Posted on | March 17, 2010 | No Comments
By Marcie Eanes
March 17, 2010
Recent upheavals in journalism have left people scratching their heads at this unprecedented level of uncertainty. All the hard work of building a career can easily disappear with a pink slip. After packing up your desk, commiserating with colleagues, and trying to put on a brave front, the question of what to do next is one that’s not easily ignored.
I know. I’ve been on the path of journalistic rediscovery because of residual injuries I sustained in a near-fatal car accident in 1985. I was physically unable to return to the newsroom. At that time, there were few resources, support groups, or even the Internet to help me.
It would have been easy to hold pity parties for myself, especially since my accident happened only six months after graduating from Marquette University in Milwaukee, but unyielding support from family, friends and even my doctors kept me motivated to practice my craft.
The fact that I love being challenged has served me well. In college, professors labeled me as “unfocused” because I took internships in public relations and magazines. I even freelanced instead of just concentrating on school and newspaper reporting. Now I have the satisfaction of knowing that I did the right thing. I am applying nearly every skill I learned from those experiences to create new opportunities. I’ve done copyediting, written for anthologies and promoted authors. Not everything resulted in revenue comparable to what I made as a reporter, but the experiences have kept my skills current.
I’m not afraid to say I’ve failed, either. Ghostwriting is something I won’t do again. After working with three different clients, I found I didn’t have the patience to handle the details required to do it. Difficult clients who didn’t understand the mechanics of editing presented a challenge at first. I would get them to hire me by telling them to do their own comparison shopping before contacting me again. I lost a few, but most returned with few complaints. Still, ghostwriting is not for me.
Exploring related talents that are not newsroom skills has brought me much more satisfaction. After experiencing the deaths of several close relations, including my parents and youngest brother, I began writing poetry.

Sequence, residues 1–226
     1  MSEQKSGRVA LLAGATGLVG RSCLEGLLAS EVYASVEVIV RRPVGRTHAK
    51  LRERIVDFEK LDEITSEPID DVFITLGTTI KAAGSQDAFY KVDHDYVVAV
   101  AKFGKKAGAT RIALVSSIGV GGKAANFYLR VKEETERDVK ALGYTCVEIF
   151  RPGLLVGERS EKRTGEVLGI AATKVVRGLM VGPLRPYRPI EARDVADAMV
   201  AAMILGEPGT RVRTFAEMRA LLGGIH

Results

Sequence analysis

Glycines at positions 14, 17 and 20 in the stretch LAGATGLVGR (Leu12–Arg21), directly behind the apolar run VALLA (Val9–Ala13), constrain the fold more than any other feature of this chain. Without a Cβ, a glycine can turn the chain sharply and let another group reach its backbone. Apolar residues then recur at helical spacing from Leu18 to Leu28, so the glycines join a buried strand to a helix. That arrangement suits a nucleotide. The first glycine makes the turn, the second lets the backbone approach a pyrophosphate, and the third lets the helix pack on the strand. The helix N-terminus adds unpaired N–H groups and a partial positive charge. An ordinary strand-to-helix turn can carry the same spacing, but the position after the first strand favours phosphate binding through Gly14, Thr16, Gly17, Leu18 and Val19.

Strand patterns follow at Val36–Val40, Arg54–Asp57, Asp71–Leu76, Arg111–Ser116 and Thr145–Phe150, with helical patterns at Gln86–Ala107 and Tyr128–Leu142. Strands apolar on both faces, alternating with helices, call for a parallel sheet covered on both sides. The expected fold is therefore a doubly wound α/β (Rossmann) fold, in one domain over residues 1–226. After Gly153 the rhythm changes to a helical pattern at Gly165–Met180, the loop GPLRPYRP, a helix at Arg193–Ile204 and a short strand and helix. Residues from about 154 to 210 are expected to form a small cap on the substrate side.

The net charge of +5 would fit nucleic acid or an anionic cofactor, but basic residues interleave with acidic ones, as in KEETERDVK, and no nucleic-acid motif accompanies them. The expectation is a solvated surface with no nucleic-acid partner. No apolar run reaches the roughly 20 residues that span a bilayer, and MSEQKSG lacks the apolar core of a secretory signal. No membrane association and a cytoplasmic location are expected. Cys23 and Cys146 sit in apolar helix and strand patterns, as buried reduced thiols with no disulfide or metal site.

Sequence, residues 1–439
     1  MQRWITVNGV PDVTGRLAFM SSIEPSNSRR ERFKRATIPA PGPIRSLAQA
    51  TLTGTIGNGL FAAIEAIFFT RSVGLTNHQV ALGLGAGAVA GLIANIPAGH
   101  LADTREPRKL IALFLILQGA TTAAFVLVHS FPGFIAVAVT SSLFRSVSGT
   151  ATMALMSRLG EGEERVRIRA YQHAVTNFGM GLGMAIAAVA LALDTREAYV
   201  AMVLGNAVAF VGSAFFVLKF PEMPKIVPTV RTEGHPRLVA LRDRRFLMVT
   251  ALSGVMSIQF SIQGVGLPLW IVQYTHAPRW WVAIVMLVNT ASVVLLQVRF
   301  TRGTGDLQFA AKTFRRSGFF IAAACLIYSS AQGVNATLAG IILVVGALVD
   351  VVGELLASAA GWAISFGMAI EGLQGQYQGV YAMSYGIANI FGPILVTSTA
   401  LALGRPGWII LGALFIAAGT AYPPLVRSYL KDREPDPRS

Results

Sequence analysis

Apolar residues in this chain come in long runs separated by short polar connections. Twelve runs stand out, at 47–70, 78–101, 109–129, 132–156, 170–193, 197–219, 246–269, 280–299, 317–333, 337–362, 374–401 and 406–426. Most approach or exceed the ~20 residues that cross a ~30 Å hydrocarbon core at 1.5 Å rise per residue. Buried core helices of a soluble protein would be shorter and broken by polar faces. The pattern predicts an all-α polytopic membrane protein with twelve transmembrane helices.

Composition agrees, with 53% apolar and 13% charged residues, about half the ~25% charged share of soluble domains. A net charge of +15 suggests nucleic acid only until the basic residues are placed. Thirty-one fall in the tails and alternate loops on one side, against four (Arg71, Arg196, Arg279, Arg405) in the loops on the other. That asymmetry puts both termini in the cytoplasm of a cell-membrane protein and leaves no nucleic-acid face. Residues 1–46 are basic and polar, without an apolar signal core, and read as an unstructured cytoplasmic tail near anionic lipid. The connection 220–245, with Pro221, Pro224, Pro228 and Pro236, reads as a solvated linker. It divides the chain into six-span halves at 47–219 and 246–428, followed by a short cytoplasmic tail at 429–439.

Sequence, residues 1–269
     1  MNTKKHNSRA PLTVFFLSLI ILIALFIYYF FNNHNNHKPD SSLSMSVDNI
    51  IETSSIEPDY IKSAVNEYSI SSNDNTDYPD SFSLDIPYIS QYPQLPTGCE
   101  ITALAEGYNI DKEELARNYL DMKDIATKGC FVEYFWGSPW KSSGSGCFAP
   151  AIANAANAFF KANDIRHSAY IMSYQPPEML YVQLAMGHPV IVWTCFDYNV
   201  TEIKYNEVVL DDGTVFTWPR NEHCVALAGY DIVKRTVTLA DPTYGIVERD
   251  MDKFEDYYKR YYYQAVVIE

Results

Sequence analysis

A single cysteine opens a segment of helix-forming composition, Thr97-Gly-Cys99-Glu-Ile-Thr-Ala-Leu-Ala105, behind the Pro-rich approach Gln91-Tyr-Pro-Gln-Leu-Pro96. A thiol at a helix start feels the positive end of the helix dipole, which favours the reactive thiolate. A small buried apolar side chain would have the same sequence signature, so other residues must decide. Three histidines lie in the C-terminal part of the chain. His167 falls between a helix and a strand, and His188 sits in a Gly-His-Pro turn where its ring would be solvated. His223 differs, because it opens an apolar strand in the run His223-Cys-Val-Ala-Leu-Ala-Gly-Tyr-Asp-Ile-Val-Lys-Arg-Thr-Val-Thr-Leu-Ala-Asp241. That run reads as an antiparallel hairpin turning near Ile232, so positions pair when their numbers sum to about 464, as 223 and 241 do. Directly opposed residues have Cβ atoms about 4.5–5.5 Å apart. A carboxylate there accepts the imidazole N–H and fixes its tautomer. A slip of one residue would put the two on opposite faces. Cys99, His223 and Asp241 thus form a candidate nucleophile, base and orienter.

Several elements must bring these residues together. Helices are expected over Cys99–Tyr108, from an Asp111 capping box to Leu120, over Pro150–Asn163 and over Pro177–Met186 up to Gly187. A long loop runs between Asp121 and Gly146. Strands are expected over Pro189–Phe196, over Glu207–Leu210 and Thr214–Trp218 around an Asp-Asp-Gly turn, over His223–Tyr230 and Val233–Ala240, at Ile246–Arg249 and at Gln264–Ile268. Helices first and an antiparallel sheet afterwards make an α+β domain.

Initially, I balked at the idea because I didn’t think I could do it. But a friend’s persistence helped me put into words my intense grief. This genre has led me to unexpected places: I’ve been a poet-in-residence for a cable television show and I’ve made appearances on college campuses and other venues around the country.
I recently published my first book, “Sensual Sounds,” which explores love in various forms. I’m also preparing for several book signings – the most special of which will be at my hometown library in Racine, Wisconsin. I’ve also connected with former journalists who are now playwrights, actors, and chefs by joining several groups outside of the journalistic arena.
My advice to any and all displaced journalists is this: Don’t be afraid to try. All those skills you used to perform your job in traditional journalism settings are precisely the ones that will help you find your niche again.
It’s easy to be skeptical, detached and cynical, but it won’t help you pay the bills. Nor will it bring lasting meaning to your life. So widen your social circle. It’s great to have friends in journalism, but myopic thinking will keep you locked in inertia. So many people today are experiencing career upheaval in one form or another. If you have the time, give something back through volunteering or mentoring. Or just breathe. It feels good.
New opportunities often come in unexpected packages.
Our Community member Marcie Eanes explores love in various forms in her new book “Sensual Sounds,” which is now available on Amazon.com.